(b) To make any untrue statement of a material fact or to omit to state a material fact necessary in order to make the statements made, in the light of the circumstances under which they were made, not misleading, or,

(c) To engage in any act, practice, or course of business which operates or would operate as a fraud or deceit upon any person, in connection with the purchase or sale of any security.

[14] While defendant Sears raised a Rule 9(b) argument as to paragraphs 43(a)-(c) of Count IV, as did the other defendants, Sears did not raise a Rule 9(b) dismissal argument as to Counts II and III.

[15] The three individual defendants are alleged to have "advised" Weingart and Dinco that the MMI sale would not affect its distribution business with Sears. Complaint at ¶ 20. Beyond that, "defendants" are collectively referred to throughout the complaint.

[16] That being so, the court need not reach defendants' other arguments that plaintiffs have also failed to specify the time, place, and content of the alleged false misrepresentations, see Feinstein v. RTC, 942 F.2d 34, 42 (1st Cir.1991), and failed to particularize the role each defendant is alleged to have played in the fraud, Shields, supra, 766 F. Supp. at 40. However, those too would be high hurdles to clear based upon the complaint before the court.

[17] Plaintiffs invite the court to find that the rule reiterated in Manchenton v. Auto Leasing Corp., 135 N.H. 298, 302-03, 605 A.2d 208, 212 (1990), that a causal violation of a statutory standard of conduct constitutes legal fault in the same manner as does the violation of a common law standard of due care, should also apply to intentional torts. The court finds it unnecessary and unwise to resolve the matter at this time, and thus offers no opinion regarding the merits of plaintiffs' contention.

[18] The time period set forth is between "winter/spring of 1988" and the date of the closing in December 1988. See Complaint at ¶¶ 19, 20, 29.

[19] Sears also unsuccessfully attempts to convince the court that plaintiffs never alleged that they received or relied upon any representations made by Sears. However, such a conclusion can only be the result of an extremely skewed reading of plaintiffs' complaint. See, e.g., Complaint at ¶¶ 22, 25, 28-29.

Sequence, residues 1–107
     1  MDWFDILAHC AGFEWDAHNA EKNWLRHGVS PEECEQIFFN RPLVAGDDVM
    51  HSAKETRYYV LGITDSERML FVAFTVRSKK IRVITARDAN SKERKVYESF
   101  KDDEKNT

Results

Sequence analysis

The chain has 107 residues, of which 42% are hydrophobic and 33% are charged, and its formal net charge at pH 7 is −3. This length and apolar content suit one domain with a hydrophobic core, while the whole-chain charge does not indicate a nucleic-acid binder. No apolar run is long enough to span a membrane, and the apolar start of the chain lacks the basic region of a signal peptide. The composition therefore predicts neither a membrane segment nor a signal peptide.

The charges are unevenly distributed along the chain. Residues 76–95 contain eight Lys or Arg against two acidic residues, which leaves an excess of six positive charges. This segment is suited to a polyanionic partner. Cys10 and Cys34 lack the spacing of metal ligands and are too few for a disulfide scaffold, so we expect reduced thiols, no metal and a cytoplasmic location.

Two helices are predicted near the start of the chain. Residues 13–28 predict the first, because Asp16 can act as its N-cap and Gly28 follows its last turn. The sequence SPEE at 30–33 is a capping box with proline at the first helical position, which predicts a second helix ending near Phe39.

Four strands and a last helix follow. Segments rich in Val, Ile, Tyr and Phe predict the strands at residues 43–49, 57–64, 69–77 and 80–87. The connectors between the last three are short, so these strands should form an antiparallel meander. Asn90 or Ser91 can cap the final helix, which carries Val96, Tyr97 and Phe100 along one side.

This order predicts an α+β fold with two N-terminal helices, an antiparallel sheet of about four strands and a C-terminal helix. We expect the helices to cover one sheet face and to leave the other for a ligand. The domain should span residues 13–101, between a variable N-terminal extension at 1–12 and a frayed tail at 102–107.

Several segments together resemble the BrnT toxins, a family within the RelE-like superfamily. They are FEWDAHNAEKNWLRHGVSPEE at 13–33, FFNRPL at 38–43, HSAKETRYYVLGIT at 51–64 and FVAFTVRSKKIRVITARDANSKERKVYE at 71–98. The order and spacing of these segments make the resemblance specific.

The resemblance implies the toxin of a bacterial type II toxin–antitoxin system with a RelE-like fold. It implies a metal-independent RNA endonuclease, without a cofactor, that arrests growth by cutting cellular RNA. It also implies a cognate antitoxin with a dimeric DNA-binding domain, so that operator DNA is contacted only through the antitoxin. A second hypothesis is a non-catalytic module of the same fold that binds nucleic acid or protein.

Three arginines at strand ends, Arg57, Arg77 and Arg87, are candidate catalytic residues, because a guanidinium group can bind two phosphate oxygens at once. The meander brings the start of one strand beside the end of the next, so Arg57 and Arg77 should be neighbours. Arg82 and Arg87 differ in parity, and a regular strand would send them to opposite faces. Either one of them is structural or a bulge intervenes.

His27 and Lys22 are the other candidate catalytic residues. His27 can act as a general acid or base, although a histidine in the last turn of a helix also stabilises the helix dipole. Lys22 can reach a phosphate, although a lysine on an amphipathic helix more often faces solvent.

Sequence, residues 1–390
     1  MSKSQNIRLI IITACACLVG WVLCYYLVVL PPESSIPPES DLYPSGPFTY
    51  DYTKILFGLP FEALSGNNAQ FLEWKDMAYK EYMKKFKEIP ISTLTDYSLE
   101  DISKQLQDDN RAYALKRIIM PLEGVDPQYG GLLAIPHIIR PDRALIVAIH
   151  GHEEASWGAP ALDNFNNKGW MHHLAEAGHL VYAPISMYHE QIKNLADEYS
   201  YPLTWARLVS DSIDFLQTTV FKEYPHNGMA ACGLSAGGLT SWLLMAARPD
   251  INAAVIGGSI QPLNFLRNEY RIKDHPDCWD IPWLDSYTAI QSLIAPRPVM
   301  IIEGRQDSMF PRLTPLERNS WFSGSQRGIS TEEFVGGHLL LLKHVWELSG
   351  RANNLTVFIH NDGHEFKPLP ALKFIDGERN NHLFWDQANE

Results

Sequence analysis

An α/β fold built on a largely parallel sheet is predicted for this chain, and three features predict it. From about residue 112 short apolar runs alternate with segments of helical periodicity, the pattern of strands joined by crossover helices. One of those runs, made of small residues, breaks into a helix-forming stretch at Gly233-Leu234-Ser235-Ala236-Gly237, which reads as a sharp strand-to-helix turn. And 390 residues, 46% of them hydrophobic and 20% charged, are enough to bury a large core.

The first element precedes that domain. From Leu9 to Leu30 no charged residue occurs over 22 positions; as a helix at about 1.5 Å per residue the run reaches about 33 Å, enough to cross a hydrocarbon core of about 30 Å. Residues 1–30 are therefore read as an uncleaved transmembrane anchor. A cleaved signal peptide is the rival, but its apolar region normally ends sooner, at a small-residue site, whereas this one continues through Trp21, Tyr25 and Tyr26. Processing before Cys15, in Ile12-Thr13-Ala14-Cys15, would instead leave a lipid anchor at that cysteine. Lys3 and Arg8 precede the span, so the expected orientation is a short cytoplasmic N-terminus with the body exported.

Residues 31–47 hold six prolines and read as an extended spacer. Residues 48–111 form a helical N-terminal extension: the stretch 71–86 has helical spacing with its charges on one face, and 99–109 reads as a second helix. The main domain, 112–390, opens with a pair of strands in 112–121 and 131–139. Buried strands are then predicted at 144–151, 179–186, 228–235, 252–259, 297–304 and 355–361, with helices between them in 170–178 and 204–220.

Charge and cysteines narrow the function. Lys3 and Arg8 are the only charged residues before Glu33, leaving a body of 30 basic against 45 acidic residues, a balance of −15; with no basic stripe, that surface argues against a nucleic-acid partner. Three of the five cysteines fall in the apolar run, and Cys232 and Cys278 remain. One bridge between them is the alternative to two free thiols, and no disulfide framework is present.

[20] Plaintiffs' prayer for relief contains claims for the amount of their entire investment, the deficiency amounts due to lenders, including interest accrued and accruing, loss of present and future earnings, loss of reasonably foreseeable profits, attorneys' fees, and enhanced damages as a result of wanton, malicious, and oppressive conduct, punitive damages, interest, costs, and expenses. Complaint ¶ 47.

[21] Additionally, "attorneys' fees are not available as a matter of course under rule 10b-5." Abell v. Potomac Ins. Co., 858 F.2d 1104, 1142 (5th Cir.1988) (citation omitted), vacated and remanded on other grounds, 492 U.S. 914, 109 S. Ct. 3236, 106 L. Ed. 2d 584 (1989); Samaritano & Co. v. Merrill Lynch, Pierce, Fenner & Smith, Inc., 110 F.R.D. 52, 54 (D.P.R.1986) ("it is settled that only in limited circumstances attorney's fees may be allowable under Rule [10b-5]"). The exception, not herein relevant, considered by the Samaritano court was the application of a local rule that provided for the granting of attorney's fees when the losing party has acted with obstinacy. Id.

[22] Such damages were described by the Court as the "`difference between the fair value of all that [plaintiff] received and the fair value of what he would have received had there been no fraudulent conduct.'" Randall, supra, 478 U.S. at 661-62, 106 S. Ct. at 3152 (quoting Affiliated Ute Citizens, supra, 406 U.S. at 155, 92 S.Ct. at 1472).

[23] Rather, the Randall Court grappled with the narrow "actual damages" issue of whether a rescissory recovery was strictly limited to plaintiff's net economic harm, i.e., actual damages reduced by tax benefits received from a tax shelter investment. The Court held that it was not.